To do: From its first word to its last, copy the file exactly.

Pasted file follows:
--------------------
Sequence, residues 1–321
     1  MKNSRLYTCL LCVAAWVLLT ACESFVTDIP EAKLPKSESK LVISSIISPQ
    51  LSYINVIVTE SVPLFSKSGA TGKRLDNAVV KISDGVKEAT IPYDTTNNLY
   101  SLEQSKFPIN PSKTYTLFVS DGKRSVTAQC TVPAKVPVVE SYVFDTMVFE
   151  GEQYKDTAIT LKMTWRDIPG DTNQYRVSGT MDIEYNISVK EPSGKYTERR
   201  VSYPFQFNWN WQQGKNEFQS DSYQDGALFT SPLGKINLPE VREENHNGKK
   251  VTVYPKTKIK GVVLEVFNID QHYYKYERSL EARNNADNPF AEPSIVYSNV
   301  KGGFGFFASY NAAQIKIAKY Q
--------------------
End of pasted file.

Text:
Sequence, residues 1–321
     1  MKNSRLYTCL LCVAAWVLLT ACESFVTDIP EAKLPKSESK LVISSIISPQ
    51  LSYINVIVTE SVPLFSKSGA TGKRLDNAVV KISDGVKEAT IPYDTTNNLY
   101  SLEQSKFPIN PSKTYTLFVS DGKRSVTAQC TVPAKVPVVE SYVFDTMVFE
   151  GEQYKDTAIT LKMTWRDIPG DTNQYRVSGT MDIEYNISVK EPSGKYTERR
   201  VSYPFQFNWN WQQGKNEFQS DSYQDGALFT SPLGKINLPE VREENHNGKK
   251  VTVYPKTKIK GVVLEVFNID QHYYKYERSL EARNNADNPF AEPSIVYSNV
   301  KGGFGFFASY NAAQIKIAKY Q